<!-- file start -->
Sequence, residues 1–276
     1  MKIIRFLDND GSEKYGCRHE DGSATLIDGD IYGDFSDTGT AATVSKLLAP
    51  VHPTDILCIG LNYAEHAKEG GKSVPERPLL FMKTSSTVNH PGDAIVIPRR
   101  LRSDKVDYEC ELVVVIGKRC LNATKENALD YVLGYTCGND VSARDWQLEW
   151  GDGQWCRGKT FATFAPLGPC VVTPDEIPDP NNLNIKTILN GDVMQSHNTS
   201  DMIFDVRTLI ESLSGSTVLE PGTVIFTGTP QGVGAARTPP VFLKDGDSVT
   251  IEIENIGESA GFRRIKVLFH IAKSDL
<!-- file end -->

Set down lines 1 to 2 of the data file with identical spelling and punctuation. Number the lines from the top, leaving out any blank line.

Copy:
Sequence, residues 1–276
     1  MKIIRFLDND GSEKYGCRHE DGSATLIDGD IYGDFSDTGT AATVSKLLAP